Burma watchers demand pull out of Daewoo gas business from Burma

Philippine activists for Burma today urged the South Korean government to immediately withdraw Daewoo International’s gas business from military-ruled Burma, claiming that any business deal with the Burmese generals just result to more human rights abuses inside the country.

Philippine activists for Burma today urged the South Korean government to immediately withdraw Daewoo International’s gas business from military-ruled Burma, claiming that any business deal with the Burmese generals just result to more human rights abuses inside the country.

April 18 marks the International Day of Protest against Daewoo, with activists staging protests before the offices and stations of Daewoo International and the government of South Korea for their involvement in the controversial Shwe Gas Project, which has been criticized for destroying Burma’s natural resources and displacing the Arakan ethnic group.

Daewoo International, a South Korean conglomerate, agreed with Burma’s military regime and Indian corporations to explore the gas fields of Arakan State in Western Burma, said to have one of the largest gas deposits in Southeast Asia.

“Like any other business inside Burma, this gas project will just result in more human rights abuses in Burma including forced labor and forced relocation of communities. Worse, the peoples of Burma are not benefiting from the profits of any foreign investments inside their country. Governments and multi-national companies who do business in Burma are simply legitimizing a corrupt and illegitimate military regime,” said Gus Miclat, the regional coordinator of Asia Pacific
Solidarity Coalition (APSOC) and convenor of Free Burma Coalition-Philippines.

Miclat added: “We hope that these investors realize that it is immoral to do business with a military regime that doesn’t respect human rights. More than the possible destruction of Burma’s natural resources, they only become party to the exploitation of the peoples of Burma. We hope that these corporations or nations will value social responsibility more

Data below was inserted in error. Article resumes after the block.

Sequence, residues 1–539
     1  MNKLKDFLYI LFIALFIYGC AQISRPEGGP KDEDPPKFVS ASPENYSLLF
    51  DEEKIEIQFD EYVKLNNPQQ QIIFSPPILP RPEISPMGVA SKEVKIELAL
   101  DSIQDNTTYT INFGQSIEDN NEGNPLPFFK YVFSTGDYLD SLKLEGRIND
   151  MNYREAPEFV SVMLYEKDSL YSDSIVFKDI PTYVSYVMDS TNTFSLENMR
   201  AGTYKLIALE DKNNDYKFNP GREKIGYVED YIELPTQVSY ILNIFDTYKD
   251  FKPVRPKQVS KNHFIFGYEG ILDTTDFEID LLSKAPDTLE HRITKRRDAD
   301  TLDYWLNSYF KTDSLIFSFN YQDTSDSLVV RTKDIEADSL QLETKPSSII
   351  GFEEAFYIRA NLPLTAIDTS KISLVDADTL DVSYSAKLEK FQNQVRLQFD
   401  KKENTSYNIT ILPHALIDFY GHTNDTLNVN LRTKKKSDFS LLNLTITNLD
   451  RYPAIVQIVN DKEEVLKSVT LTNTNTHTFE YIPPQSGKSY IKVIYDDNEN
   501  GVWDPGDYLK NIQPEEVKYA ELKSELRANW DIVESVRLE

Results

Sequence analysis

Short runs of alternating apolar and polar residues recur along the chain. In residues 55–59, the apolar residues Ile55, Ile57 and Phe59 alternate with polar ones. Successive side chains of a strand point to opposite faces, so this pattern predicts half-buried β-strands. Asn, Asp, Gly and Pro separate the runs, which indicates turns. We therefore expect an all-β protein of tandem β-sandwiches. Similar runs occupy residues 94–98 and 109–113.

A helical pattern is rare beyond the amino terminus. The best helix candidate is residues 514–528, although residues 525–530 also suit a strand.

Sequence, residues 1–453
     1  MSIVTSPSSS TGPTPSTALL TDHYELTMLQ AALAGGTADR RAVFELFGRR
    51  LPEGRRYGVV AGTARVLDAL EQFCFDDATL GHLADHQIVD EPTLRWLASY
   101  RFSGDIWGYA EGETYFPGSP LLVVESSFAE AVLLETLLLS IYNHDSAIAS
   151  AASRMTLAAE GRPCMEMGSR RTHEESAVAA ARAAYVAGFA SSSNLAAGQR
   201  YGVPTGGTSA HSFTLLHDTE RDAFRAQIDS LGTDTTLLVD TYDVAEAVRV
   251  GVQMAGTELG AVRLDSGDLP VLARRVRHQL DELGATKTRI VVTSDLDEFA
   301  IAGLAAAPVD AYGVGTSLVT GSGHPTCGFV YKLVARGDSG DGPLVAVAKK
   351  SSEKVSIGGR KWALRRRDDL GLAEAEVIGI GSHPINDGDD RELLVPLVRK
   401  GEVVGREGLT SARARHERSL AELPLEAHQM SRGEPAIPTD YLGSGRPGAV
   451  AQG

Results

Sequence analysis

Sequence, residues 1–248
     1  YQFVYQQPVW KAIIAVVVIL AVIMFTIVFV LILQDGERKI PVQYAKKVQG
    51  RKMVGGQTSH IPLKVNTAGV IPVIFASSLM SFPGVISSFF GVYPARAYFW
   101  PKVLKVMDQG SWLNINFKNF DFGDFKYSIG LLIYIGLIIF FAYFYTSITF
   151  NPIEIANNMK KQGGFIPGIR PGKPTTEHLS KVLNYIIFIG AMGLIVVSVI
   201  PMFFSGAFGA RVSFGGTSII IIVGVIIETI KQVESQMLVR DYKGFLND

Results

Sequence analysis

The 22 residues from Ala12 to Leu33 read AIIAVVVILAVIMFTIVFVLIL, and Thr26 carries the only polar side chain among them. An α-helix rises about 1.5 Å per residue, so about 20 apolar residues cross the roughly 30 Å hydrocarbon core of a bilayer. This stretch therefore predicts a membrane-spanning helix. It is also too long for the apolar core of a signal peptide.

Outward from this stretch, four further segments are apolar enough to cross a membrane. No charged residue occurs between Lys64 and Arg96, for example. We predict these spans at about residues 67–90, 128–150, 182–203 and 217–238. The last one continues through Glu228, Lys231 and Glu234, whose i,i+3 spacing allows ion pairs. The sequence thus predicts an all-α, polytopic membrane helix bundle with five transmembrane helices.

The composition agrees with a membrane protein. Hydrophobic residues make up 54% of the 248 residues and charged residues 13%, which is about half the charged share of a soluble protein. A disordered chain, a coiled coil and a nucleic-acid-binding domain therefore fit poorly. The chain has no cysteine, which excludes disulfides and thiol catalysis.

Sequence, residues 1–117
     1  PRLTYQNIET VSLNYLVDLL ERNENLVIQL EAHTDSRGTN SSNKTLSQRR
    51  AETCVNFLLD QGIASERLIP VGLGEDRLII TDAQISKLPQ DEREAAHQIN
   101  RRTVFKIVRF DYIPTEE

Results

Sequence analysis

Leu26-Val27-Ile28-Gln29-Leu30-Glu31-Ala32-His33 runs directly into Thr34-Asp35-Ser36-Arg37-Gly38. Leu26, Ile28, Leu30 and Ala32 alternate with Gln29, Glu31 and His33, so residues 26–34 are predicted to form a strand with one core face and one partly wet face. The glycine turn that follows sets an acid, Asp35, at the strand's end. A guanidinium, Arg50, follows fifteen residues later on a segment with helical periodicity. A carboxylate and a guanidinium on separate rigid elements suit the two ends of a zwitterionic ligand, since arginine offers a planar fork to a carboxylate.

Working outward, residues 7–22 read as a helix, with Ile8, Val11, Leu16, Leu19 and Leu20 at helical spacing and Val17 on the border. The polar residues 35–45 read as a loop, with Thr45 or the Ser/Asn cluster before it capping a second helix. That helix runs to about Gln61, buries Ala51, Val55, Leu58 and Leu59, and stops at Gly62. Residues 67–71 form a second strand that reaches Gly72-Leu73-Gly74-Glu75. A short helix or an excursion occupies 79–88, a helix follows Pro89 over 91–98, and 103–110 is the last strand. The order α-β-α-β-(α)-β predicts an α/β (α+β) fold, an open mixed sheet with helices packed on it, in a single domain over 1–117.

than profit.”

News reports claim that the gas project is resulting in more and more refugees from Arakan State into Bangladesh and Thailand, as the junta confiscates farmlands from the ethnic people.

”While some countries are calling for a stop in human rights violations in Burma, some private companies profit from Burma’s natural resources at the expense of Burma’s suffering populace.” Miclat stressed.

Daewoo International is expected to earn a minimum of US $100 million in profits from the gas project annually for 20 years, from 2010 onwards. Burma campaigners even said that foreign investments in Burma have even enabled the military regime to expand its army.

Late last year, DAEWOO signed an agreement with three major investment partners — Korea Gas Corporation (KGC) and India’s two state-run developers, Oil and Natural Gas Corporation (ONGC) and Gas Authority India Limited (GAIL) — to jointly undertake the exploration of gas fields and construction of gas pipeline to India.

“A business deal with Rangoon generals would mean the murder of more ethnic people inside Burma. Please do not draw blood for your oil,” the APSOC coordinator concluded.

FOR INQUIRIES:
Mr. Gani Abunda (63-82) 435-2900/ 911-0205 (Manila)

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